Typus Orbis Terrarum. (Imagem da Terra) ORTELIUS, Abraham 1587: in this 1570 map, Hyperborea is shown as an Arctic continent and described as “Terra Septemtrionalis Incognita” (Unknown Northern Land).
In the fourth part of my essay, From the Cauldron to the Grail, I mentioned that in my current mythic fantasy novel, The Fruit of Passion, which draws heavily from the Celtic tradition and the stories in the Mabinogion, I’ve made use of the ancient myth of Hyperborea in one of my subplots. A wealth of classical sources refer to this strange land, primarily ancient Greek, Roman and Celtic. So, let’s explore where each culture placed this country and how it described its natural environment and its denizens, shall we?
The earliest source can be traced in Herodotus’ Histories (Book IV, around 540 BC). However, the ancient Greek historian himself had written in his works about three much earlier sources that gave an account of the Hyperboreans, two of which belonged to Hesiod and Homer. Homer had supposedly broached the subject of Hyperborea in a lost work of his called Epigoni, if we’re to believe such a work existed at all.
Another reference to the Hyperboreans according to Herodotus was made in a now lost poem, Arimaspea, composed by the 7th-century poet Aristeas. The plot revolved around a jourey to the Issedones (an ancient people of Central Asia at the end of the trade route leading north-east from Scythia, in the region now called the Kazakh Steppe). Beyond these ruled the one-eyed Arimaspians in the foothills of the Riphean Mountains (identified with the Ural Mountains or the Carpathians) who struggled against the gold-guarding griffins, and beyond these dwelled the Hyperboreans, whose land Herodotus presumed to lay somewhere in Northeast Asia.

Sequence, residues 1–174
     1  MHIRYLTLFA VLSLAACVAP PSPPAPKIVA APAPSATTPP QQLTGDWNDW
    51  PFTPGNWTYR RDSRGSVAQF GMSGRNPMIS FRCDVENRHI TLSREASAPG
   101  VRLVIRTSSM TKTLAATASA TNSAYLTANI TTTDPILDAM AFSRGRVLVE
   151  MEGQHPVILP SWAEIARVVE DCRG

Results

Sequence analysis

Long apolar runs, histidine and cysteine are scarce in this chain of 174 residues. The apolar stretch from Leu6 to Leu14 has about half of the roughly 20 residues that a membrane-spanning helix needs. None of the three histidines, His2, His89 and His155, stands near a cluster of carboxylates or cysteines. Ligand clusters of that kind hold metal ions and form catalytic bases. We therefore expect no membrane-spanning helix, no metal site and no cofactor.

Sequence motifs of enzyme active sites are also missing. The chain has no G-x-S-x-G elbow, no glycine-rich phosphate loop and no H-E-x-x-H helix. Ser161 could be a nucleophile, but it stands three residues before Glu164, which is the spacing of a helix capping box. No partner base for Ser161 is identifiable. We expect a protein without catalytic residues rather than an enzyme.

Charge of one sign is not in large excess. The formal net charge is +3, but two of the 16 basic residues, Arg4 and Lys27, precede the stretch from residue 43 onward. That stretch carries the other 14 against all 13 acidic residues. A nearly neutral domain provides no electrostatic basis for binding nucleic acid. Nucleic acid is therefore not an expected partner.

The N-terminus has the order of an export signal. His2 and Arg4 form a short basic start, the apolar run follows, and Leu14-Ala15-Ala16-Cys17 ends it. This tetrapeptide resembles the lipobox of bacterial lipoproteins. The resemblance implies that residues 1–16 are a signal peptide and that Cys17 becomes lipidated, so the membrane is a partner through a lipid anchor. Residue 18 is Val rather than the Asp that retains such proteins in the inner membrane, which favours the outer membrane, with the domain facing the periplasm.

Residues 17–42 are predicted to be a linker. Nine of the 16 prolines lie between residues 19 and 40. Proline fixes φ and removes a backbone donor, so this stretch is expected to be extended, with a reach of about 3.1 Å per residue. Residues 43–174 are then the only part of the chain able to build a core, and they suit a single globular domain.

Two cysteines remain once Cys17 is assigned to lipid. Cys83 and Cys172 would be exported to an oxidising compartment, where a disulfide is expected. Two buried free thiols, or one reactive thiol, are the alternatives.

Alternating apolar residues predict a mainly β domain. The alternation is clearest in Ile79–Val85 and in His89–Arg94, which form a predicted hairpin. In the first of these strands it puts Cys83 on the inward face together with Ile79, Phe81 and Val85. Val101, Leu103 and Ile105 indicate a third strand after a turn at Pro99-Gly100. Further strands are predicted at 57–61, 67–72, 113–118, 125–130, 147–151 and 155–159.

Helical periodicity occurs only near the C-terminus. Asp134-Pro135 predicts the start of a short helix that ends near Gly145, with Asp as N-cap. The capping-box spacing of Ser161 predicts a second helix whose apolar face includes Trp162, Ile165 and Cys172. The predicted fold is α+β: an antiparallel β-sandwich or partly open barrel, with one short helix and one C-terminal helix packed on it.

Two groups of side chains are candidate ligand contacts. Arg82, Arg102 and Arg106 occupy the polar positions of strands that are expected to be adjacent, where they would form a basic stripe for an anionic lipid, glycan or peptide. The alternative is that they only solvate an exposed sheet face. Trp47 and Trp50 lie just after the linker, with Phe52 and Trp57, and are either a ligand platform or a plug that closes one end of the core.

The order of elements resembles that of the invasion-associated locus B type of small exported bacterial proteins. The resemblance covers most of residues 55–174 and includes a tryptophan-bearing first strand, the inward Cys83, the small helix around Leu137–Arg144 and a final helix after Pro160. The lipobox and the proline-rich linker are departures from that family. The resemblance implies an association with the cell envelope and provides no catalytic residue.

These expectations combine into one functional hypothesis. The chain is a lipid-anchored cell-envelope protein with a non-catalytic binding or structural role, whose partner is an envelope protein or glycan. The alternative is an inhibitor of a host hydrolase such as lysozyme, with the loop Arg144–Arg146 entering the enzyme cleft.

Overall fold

Other writers, contemporaries of Herodotus in the 5th century BC, like Pindar, Simonides of Ceos and Hellamicus of Lesbos dedicated some brief passages to the Hyperboreans.
According to the ancient Greeks, the Hyperboreans consisted of a race of giants who lived “beyond the North Wind”. One of the Anemoi (wind gods) was Boreas, the god of the North Wind, who resided in Thrace according to the ancient Greek religion. Consequently, Hyperborea was thought of as a land beyond Thrace.
The Hyperborean region was conceived as a heaven of pure bliss where the sunlight remained undimmed twenty-four hours a day, a fact that indicates its possible location within the Arctic Circle during the midnight sun-time of the year. Of course, if we consider the classical Greek poet Pindar and his description, “neither by ship nor on foot would you find the marvellous road to the assembly of the Hyperboreans,” we’re to infer that Hyperborea wasn’t an actual location on Earth but a land of fable, having taken shape and form in a wild flight of fancy, a symbol of a higher sphere of eternal happiness and prosperity akin to the Isles of the Blessed or those of the Celtic otherworld.